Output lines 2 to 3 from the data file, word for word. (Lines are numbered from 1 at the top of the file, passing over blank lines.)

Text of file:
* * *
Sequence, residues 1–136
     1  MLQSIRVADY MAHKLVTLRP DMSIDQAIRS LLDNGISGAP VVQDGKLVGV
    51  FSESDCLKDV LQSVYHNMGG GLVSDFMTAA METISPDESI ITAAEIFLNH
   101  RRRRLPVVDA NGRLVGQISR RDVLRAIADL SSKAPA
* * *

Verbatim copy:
     1  MLQSIRVADY MAHKLVTLRP DMSIDQAIRS LLDNGISGAP VVQDGKLVGV
    51  FSESDCLKDV LQSVYHNMGG GLVSDFMTAA METISPDESI ITAAEIFLNH